Longman Dictionary of Contemporary English homepage

Topic: ROADS

Date: 1300-1400
Language: French
Origin: exprès, from Latin expressus, past participle of exprimere 'to press out', from premere 'to press'; the idea of 'speed' comes from trains stopping only at specific places, so the complete journey takes less time

express

2 adjective
     
express2 [only before noun]
1 deliberate and for a specific situation:
The school was founded with the express purpose of teaching deaf children.
2 clear and definite
express agreement/consent/authority etc
He is not to leave without my express permission.
Matthew left express instructions to keep all doors locked.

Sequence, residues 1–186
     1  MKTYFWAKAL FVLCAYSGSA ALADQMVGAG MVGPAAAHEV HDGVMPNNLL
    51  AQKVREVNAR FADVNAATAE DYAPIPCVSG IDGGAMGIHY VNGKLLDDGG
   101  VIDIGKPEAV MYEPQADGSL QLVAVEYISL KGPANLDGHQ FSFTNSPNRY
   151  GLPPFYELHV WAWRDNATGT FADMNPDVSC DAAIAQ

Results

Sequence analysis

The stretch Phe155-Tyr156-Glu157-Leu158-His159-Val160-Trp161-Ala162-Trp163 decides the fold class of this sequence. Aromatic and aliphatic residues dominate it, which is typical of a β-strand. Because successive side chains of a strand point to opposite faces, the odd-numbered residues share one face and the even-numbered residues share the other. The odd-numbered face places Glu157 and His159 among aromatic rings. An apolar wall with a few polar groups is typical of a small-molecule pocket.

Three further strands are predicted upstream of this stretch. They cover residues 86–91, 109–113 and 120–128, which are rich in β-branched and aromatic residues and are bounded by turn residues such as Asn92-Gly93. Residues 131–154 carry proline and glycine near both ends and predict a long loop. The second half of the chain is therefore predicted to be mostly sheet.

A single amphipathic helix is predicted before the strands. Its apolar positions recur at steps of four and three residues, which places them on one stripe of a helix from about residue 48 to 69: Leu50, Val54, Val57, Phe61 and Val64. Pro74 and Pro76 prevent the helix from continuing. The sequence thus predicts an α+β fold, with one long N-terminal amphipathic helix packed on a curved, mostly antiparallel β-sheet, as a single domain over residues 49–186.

3

express train/coach/bus

TTCTTT a train or bus that does not stop at many places and can therefore travel more quickly
4

express post/mail

TCM a system that delivers letters and packages very quickly
5 American English designed to help you move through a place more quickly:
express lanes on the freeway
an express line at a supermarket (=where people with only a few things to buy go to pay)
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